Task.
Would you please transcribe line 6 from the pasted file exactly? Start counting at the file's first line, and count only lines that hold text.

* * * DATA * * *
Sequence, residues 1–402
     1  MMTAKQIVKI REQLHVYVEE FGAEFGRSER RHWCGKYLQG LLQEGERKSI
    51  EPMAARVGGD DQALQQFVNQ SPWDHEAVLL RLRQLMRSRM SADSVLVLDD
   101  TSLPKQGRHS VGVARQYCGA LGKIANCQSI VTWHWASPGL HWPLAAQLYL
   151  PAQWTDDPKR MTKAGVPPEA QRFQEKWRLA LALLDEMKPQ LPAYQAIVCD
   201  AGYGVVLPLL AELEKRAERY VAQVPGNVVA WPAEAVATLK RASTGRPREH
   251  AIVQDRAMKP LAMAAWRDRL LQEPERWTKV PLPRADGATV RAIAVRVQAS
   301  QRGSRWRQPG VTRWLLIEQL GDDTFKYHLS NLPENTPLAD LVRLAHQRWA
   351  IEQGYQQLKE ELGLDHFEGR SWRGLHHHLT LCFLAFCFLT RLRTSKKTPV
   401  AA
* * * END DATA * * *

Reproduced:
   201  AGYGVVLPLL AELEKRAERY VAQVPGNVVA WPAEAVATLK RASTGRPREH